'_order_shipping_tax' => 'shipping_tax',
        '_order_tax'          => 'cart_tax',
        '_order_total'        => 'total',
        '_order_version'      => 'version',
        '_prices_include_tax' => 'prices_include_tax',

    $props_to_update = $this->get_props_to_update( $order, $meta_key_to_props );

    foreach ( $props_to_update as $meta_key => $prop ) {
        $value = $order->{"get_$prop"}( 'edit' );
        $value = is_string( $value ) ? wp_slash( $value ) : $value;

        if ( 'prices_include_tax' === $prop ) {
            $value = $value ? 'yes' : 'no';

        $updated = $this->update_or_delete_post_meta( $order, $meta_key, $value );

        if ( $updated ) {
            $updated_props[] = $prop;

    do_action( 'woocommerce_order_object_updated_props', $order, $updated_props );

SOURCE2: WooCommerce Code Reference

Ok, on line 334 (SOURCE2) we run a loop meaning that we will call function $this->update_or_delete_post_meta( $order, $meta_key, $value ); on line 342 (SOURCE2) for each meta value we want to update. Ok, that funtion looks like this:

 * Update meta data in, or delete it from, the database.
 * Avoids storing meta when it's either an empty string or empty array.
 * Other empty values such as numeric 0 and null should still be stored.
 * Data-stores can force meta to exist using `must_exist_meta_keys`.
 * Note: WordPress `get_metadata` function returns an empty string when meta data does not exist.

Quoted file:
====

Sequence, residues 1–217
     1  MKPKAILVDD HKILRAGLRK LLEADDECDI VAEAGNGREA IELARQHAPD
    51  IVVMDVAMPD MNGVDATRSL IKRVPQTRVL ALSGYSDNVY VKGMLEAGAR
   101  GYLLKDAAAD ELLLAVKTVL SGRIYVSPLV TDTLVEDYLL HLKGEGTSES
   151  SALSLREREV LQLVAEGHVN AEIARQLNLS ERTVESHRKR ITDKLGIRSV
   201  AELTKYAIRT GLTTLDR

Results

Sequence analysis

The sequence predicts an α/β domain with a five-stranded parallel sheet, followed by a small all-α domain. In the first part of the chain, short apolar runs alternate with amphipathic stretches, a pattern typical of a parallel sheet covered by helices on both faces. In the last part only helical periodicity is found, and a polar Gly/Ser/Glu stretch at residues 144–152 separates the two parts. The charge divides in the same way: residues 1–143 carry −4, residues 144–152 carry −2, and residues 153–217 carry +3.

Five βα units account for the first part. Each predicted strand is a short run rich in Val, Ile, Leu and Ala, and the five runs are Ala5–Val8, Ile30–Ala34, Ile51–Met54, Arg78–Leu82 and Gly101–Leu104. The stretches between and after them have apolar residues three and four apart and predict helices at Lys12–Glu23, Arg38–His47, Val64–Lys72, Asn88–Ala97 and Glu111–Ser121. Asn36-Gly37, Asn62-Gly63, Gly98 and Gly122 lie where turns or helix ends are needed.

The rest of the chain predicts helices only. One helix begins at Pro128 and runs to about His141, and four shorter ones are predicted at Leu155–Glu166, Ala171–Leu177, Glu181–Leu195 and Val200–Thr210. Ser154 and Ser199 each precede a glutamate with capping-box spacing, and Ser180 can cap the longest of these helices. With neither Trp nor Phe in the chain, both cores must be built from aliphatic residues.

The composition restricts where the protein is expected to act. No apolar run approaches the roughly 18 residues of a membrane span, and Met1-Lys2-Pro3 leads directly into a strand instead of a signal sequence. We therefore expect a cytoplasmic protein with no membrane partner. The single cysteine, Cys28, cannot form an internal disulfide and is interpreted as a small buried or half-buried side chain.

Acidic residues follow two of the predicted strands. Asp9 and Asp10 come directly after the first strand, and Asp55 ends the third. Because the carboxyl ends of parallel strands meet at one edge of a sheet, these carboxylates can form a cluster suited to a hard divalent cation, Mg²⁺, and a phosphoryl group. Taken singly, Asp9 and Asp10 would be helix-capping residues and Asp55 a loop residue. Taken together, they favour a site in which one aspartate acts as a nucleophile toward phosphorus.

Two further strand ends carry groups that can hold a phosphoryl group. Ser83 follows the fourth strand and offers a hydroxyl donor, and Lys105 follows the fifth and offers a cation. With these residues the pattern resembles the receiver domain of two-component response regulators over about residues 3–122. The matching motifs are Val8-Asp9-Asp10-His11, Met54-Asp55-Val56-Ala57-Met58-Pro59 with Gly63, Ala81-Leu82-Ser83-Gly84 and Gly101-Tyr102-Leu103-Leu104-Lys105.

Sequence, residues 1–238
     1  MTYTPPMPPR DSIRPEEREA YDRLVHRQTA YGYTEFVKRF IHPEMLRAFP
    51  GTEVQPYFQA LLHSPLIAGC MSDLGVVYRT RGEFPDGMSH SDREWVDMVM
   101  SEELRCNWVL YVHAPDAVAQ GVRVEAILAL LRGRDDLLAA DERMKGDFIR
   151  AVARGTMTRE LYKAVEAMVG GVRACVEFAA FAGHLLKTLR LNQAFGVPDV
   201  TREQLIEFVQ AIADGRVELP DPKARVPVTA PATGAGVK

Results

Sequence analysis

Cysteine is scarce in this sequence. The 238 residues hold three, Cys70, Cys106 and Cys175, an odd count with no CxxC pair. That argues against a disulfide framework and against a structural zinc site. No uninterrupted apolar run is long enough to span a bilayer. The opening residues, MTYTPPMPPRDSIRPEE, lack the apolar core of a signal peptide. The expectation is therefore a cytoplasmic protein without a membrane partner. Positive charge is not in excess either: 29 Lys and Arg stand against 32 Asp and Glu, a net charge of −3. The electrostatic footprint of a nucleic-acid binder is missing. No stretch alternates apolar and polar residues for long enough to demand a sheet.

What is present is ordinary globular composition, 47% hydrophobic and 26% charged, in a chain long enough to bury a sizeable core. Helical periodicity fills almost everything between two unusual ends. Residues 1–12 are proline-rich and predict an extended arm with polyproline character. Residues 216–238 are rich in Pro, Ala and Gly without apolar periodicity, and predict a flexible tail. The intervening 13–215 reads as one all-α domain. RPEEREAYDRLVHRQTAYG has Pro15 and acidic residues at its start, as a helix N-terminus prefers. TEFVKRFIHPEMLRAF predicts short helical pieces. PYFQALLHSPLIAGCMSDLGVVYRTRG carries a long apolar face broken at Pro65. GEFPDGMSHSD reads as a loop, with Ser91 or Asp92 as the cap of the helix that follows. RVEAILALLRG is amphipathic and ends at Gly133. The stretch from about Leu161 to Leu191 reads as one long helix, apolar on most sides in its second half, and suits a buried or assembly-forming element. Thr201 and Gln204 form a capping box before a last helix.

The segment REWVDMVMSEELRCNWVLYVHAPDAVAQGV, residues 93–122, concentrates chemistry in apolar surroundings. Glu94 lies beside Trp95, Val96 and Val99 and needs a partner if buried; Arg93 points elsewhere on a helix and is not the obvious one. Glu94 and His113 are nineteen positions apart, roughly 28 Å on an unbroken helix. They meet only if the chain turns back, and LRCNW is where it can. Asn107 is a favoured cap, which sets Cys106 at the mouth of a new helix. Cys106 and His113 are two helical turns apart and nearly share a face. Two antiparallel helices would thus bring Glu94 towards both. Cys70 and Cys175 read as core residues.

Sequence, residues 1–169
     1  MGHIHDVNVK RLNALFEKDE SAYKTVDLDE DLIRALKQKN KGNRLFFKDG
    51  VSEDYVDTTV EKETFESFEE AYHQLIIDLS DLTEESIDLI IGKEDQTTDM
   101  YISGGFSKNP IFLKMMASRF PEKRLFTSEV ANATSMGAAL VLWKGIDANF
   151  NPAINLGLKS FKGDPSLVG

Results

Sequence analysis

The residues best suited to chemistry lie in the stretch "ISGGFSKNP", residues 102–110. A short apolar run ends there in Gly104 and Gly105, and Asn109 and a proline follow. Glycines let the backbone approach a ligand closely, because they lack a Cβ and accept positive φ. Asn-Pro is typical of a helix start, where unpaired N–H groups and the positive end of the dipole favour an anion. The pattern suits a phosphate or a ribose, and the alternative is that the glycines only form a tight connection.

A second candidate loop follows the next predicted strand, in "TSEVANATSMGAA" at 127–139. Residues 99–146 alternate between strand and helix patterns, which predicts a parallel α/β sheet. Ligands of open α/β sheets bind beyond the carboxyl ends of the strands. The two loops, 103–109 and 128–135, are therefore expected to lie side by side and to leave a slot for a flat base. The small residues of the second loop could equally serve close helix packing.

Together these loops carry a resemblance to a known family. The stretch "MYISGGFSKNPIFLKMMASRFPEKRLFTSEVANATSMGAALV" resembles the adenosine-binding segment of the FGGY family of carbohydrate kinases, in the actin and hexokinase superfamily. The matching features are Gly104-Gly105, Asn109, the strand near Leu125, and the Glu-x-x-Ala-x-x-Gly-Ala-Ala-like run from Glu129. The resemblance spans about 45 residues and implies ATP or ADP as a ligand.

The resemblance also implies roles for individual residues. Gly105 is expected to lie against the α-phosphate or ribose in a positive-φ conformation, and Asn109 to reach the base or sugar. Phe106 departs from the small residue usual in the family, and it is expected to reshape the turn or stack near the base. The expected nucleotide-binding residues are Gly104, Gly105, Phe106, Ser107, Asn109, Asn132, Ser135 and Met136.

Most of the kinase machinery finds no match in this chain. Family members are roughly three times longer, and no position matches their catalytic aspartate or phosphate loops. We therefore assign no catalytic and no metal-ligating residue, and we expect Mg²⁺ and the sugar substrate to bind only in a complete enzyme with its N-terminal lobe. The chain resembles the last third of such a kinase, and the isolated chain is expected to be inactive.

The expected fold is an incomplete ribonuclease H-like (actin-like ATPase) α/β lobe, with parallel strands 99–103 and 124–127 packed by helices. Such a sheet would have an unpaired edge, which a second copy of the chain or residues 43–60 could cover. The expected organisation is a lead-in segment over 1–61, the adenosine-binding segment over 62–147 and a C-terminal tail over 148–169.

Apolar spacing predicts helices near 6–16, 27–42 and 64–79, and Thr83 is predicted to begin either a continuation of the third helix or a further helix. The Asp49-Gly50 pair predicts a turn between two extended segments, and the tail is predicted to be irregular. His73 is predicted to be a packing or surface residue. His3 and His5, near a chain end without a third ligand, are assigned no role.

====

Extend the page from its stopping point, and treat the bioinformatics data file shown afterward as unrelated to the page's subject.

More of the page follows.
* @param WC_Data $object The WP_Data object (WC_Coupon for coupons, etc).
 * @param string  $meta_key Meta key to update.
 * @param mixed   $meta_value Value to save.
 * @since 3.6.0 Added to prevent empty meta being stored unless required.
 * @return bool True if updated/deleted.
protected function update_or_delete_post_meta( $object, $meta_key, $meta_value ) {
    if ( in_array( $meta_value, array( array(), '' ), true ) && ! in_array( $meta_key, $this->must_exist_meta_keys, true ) ) {
        $updated = delete_post_meta( $object->get_id(), $meta_key );
    } else {
        $updated = update_post_meta( $object->get_id(), $meta_key, $meta_value );

    return (bool) $updated;

SOURCE3: WooCommerce Code Reference

We can see that the actual update happens on row 254 (SOURCE3), when calling what I presume to be WordPress´ native update_post_meta( $object->get_id(), $meta_key, $meta_value ); function.

So this is my concern. What happens if any update on row 254 (SOURCE3) fails and the entire order creation needs to be rolled back? We previously entered a row into the post table on row 65 (SOURCE1). Does that row not need to be deleted if one of the updates of post_meta fails, leaving us with a corrupt order in the database? I cant figure out if the function calls on rows 87 (SOURCE1) and 88 (SOURCE1) validates the outcome of the order creation in any way, and if they work as some kind of COMMIT/ROLLBACK? There is not even validation/error handling on the return of the function calls on rows 86 (SOURCE1), 87 (SOURCE1), 88 (SOURCE1). How do we know if anything has failed at all?

Further more, how does WordPress/Woocommerce handle reading/writing from the database when reads and writes can affect each other (dirty/skew/phantom reads/writes) when no locking can occur because there are no transactions?


Many thanks!!